8th March – 1st May 2019
Central Academy of Fine Arts Museum (CAFA Art Museum), Beijing, China
Bridgeman Copyright artist and trustee of the Artist’s Collecting Society Maggi Hambling gained an international reputation in the 1980s and it has only been enhanced since then with recent shows at major museums such as the Hermitage in St Petersburg, Russia. She was the first Artist in Residence at the National Gallery in London. She has also had the rare privilege of one-person exhibitions at British Museum, the National Gallery and National Portrait Gallery, as well as at the Yale Center for British Art. The Tate in London owns 19 of her works, and the British Museum, the Yale Center of British Art, V&A Museum and Australian National Gallery also own a large number of her drawings. She has been awarded a C.B.E for her services to the arts.
15 March-27 May
Frist Art Museum, Nashville, USA
Dorothea Lange (1895–1965) is widely recognized as one of the most important documentary photographers of the twentieth century. She was a prominent advocate of the power of the medium to effect change and used her camera as a political tool to expose what she saw as injustices and inequalities. The exhibition encompasses 300 objects, including 130 vintage and modern photographs, proof sheets, letters, a video, and other personal memorabilia. Although Lange’s photographs were taken more than fifty years ago, many of the issues they address remain relevant today.
Until 24 June
Neue Galerie, New York, USA
Admired for their revelatory nature, self-portraits yield insight into both the appearance and the essence of the artist, in some cases providing almost confessional portrayals, sharing profound insights regarding their self-image as a maker, and their perceived relationship to society. This exhibition is unprecedented as it examines works primarily from Austria and Germany made between 1900 and 1945. This show is unique in its examination and focus on works of this period. Approximately 70 self-portraits by more than 30 artists—both well-known figures and others who deserve greater recognition—will be united in the presentation.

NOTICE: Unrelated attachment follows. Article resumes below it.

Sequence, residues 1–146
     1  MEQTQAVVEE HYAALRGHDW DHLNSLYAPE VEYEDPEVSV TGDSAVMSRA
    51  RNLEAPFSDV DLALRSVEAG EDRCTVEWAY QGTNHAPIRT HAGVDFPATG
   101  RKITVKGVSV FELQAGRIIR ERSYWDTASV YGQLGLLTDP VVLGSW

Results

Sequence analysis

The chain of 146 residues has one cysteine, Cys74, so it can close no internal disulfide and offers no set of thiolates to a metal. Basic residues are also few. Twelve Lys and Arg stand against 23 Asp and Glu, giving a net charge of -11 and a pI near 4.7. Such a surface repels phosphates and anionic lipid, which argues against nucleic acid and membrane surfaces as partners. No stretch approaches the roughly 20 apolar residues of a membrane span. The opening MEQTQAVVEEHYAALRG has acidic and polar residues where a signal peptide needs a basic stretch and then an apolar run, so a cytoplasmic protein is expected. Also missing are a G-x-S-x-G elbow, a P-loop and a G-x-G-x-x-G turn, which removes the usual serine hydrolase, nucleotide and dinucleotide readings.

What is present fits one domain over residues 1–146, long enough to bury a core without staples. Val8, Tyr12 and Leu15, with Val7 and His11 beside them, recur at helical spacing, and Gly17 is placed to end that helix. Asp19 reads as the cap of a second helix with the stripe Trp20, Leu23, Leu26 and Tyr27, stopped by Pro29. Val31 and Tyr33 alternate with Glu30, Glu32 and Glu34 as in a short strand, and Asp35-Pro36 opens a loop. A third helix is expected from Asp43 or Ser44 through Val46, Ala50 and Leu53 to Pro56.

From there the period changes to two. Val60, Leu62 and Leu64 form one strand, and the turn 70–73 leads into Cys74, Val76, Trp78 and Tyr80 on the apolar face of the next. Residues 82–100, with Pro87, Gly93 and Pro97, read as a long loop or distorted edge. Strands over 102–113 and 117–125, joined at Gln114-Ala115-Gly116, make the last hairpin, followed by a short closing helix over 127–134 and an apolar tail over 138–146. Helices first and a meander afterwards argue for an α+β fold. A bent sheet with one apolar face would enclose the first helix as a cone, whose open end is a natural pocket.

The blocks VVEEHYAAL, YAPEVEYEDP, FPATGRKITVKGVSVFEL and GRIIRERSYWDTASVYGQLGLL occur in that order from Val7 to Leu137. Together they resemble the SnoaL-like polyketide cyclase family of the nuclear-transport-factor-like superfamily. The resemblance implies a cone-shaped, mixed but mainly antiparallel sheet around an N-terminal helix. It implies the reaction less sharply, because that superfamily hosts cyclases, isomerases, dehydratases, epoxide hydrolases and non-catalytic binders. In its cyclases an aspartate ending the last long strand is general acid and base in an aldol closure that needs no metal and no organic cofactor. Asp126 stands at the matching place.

10 March-26 May
National Gallery of Art, Washington D.C., USA
This is the first exhibition to focus specifically on Tintoretto’s work as a draftsman. ‘Drawing in Tintoretto’s Venice’ provides new ideas about his evolution as a draftsman, about the dating and function of the so-called sculpture drawings, and about Tintoretto’s place in the Venetian tradition with his distinctive figure drawings at the heart of the show. The exhibition begins with drawings by Tintoretto’s predecessors and contemporaries, including Titian, Veronese, and Jacopo Bassano, to show his sources as well as his individuality. The exhibition also considers artists whose drawing styles were influenced by Tintoretto’s, particularly his son Domenico Tintoretto and Palma Giovane.
Last Chance To See! Until 17 March
Newfields, Indianapolis, USA
Bridgeman Contemporary artist Brett Weston was a master of black-and-white photography who used his camera to capture increasingly-abstract forms in the world around him. The exhibition presents Weston photographs, gifted by the Christian Keesee Collection, alongside those by his contemporaries like Aaron Siskind, Ansel Adams and Brett’s father, Edward Weston.